The Forty Days of Musa Dagh
New York: David R. Godine, Publisher, 2012, Revised and expanded translation of 1933 original German edition, 936 pages. ISBN 978-1-56792-407-7.
"The miserable sight of some maimed and famished-looking refugee children, working in a carpet factory, gave me the final impulse to snatch from the Hades of all that was, this incomprehensible destiny of the Armenian nation."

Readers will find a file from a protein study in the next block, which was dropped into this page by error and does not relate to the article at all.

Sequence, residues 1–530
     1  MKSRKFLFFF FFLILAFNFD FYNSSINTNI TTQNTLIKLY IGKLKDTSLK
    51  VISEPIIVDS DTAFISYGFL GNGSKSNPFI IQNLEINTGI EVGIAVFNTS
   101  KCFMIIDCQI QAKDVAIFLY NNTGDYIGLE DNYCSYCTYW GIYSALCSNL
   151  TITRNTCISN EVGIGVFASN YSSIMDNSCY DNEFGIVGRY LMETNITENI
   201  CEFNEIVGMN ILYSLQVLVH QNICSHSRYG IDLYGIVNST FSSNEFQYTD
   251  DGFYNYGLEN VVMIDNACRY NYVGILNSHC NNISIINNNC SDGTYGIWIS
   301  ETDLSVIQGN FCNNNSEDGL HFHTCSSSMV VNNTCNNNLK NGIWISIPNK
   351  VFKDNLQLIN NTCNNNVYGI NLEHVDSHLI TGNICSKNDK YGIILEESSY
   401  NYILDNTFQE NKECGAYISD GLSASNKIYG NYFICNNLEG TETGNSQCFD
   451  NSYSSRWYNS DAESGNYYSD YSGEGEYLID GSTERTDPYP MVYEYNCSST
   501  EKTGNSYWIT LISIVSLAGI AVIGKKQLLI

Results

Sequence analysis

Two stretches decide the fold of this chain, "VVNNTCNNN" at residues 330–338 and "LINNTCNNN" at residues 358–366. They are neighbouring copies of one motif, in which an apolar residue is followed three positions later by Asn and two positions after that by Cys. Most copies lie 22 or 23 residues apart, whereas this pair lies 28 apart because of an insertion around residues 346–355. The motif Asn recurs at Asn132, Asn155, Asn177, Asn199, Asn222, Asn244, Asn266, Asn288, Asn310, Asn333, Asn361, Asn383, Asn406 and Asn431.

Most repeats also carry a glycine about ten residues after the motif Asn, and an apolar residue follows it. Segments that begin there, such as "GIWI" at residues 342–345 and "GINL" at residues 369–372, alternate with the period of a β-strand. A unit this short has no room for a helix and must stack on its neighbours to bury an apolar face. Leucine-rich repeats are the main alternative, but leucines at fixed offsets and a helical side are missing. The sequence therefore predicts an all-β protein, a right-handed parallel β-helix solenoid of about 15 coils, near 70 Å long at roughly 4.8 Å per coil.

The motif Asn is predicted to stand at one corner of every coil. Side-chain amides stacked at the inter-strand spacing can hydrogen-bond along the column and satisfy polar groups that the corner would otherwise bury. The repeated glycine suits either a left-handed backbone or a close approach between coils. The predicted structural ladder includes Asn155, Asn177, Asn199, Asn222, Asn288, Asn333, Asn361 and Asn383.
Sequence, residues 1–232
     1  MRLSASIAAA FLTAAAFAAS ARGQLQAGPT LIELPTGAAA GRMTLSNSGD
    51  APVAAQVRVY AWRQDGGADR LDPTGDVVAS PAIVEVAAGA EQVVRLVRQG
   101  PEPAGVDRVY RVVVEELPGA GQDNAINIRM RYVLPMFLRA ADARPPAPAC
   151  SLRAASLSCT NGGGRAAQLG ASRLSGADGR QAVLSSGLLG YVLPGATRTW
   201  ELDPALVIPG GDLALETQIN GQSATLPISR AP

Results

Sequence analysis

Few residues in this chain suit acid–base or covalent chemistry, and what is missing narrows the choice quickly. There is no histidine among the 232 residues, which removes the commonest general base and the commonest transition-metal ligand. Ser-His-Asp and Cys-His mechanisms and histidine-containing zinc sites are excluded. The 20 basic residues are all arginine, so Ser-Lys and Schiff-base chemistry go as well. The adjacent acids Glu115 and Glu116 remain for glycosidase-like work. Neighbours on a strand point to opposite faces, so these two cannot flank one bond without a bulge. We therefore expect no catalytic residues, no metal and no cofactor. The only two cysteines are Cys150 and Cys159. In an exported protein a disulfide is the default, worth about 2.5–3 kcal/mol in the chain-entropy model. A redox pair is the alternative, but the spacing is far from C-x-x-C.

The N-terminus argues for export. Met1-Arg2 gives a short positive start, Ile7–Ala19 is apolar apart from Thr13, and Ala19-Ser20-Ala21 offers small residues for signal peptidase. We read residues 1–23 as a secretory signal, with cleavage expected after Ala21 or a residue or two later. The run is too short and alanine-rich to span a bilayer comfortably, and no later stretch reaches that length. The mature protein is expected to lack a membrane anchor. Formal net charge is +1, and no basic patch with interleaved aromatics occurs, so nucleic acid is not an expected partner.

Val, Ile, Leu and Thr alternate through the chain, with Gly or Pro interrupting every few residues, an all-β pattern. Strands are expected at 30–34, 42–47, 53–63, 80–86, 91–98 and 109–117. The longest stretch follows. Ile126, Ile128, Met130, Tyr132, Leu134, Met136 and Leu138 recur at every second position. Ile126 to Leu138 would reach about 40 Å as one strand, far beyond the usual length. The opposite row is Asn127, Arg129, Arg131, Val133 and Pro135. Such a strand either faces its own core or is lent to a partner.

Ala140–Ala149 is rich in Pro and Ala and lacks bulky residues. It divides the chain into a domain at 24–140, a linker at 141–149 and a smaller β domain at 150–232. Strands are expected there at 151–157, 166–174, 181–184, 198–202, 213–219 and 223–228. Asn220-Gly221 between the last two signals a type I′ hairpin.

An epic novel that is among the most famous works on the Armenian Genocide. Originally written in German, it became an instant bestseller in 1933 and was translated into many languages. The author relates the heroic true story of the defenders of Musa Dagh, the Mountain of Moses, in Cilicia, along the Mediterranean coast. At the time of the deportations, the Armenian villagers, realizing the fate that awaited them, were determined to resist the Turks. They fled to the mountains and organized resistance. Poorly armed, and short on supplies, they held off the Turkish onslaught. At their bleakest hour, as the Turks were closing in on them, the defenders of Musa Dagh caught sight of a French warship off the coast. Signaling frantically, the Armenians managed to alert the French and, in a humanitarian gesture, were thus rescued. The book was conceived during the author's visit to Damascus in 1929, where he saw thousands of suffering Armenian survivors living in refugee camps.